Objective: Quality communication is an important aspect of advance care planning (ACP). This study evaluates a certification program that trains lay people in communication skills to support community-based ACP conversations.
Methods: The program was developed with an emphasis on communication skills training. The testing of the program included ACP Guides and conversation partners, who were hospice volunteers, to assess the use of communication skills in ACP conversations. The evaluation used direct observations of conversations between trained ACP Guides and conversation partners as well as semi-structured interviews with those trained to become ACP Guides and those participating in the conversation.
Results: Twenty-two ACP Guides participated in the testing phase with a retention rate of 100% completing all 4 sessions. The RELATE model of communication emerged during program development and testing. Evaluation of 15 ACP Guides having ACP conversations found that trained ACP Guides could use the RELATE model of communication to support ACP conversations.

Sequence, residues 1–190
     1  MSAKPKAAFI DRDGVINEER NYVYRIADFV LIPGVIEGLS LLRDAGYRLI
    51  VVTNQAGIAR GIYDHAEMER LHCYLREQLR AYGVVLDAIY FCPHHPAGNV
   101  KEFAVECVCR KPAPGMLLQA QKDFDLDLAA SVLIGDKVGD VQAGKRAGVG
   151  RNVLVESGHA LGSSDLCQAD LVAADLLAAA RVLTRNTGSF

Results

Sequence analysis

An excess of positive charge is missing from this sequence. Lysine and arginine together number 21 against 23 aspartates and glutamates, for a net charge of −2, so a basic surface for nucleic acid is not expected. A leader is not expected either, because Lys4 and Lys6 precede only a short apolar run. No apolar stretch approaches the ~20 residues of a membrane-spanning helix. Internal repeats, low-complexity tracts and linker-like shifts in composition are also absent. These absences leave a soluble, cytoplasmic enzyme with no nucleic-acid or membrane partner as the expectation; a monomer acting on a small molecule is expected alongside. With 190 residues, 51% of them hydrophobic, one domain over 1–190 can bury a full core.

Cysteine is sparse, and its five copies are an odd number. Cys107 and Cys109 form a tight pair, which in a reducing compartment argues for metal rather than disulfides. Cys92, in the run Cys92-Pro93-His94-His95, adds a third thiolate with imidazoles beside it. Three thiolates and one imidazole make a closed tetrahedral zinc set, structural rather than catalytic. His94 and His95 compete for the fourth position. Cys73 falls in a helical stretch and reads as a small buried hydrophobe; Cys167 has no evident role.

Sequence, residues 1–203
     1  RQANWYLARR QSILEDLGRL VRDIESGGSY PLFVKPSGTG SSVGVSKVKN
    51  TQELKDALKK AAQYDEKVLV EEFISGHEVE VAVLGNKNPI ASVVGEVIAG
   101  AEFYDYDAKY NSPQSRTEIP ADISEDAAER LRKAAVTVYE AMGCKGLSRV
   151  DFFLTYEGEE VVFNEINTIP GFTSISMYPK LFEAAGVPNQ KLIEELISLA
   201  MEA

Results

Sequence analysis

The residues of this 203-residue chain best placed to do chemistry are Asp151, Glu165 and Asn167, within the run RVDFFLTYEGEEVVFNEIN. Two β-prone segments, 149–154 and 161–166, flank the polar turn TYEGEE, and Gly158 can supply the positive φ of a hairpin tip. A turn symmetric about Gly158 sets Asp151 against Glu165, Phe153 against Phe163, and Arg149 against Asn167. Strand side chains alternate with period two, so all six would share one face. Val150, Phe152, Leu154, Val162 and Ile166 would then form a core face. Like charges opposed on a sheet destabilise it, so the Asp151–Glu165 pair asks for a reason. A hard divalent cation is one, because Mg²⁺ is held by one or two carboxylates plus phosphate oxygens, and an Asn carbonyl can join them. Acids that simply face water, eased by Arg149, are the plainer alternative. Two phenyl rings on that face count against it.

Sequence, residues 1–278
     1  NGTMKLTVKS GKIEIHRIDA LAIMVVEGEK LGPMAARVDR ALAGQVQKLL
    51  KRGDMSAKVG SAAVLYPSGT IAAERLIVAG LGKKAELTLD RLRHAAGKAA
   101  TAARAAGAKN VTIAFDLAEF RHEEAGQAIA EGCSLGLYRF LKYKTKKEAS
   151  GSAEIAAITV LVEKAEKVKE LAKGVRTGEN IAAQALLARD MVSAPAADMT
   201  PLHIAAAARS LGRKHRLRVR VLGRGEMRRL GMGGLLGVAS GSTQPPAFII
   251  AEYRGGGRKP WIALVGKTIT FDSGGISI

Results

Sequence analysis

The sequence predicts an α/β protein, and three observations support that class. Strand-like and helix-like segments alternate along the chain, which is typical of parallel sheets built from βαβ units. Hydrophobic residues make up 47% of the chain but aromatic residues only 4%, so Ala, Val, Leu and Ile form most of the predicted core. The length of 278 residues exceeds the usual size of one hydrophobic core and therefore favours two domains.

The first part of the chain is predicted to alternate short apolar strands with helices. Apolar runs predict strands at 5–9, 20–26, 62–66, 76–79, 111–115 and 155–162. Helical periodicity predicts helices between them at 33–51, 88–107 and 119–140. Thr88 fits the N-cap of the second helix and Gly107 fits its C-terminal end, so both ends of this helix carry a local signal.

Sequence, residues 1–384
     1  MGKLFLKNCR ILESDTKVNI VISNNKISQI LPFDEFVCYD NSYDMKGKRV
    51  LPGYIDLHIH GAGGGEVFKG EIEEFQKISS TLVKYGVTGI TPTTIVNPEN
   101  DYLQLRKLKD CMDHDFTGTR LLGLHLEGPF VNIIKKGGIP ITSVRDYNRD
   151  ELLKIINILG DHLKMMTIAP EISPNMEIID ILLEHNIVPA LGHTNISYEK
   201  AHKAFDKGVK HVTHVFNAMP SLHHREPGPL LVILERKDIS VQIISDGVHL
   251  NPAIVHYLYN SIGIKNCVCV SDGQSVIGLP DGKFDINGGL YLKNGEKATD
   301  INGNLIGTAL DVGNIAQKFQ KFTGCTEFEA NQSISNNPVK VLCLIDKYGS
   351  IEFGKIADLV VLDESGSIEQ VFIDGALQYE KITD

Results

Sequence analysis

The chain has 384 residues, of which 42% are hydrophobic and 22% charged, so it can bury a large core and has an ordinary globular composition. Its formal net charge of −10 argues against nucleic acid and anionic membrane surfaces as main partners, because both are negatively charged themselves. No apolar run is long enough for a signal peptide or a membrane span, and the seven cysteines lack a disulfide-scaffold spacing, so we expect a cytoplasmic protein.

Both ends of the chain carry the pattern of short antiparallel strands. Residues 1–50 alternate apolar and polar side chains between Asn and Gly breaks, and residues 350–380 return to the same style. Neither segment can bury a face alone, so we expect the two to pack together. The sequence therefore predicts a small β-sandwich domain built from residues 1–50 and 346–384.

Conclusion: A community-academic partnership developed an ACP Community Guides Program that trained individuals to have community-based ACP conversations. Next steps include additional testing of the program and RELATE in small numbers, especially among minority populations, to evaluate acceptability and usability of this approach.
Practice implications: Laypersons with concrete communication skills can facilitate effective peer-to-peer ACP conversations.
Keywords: advance care planning; communication; community engagement; culture; health education; volunteers.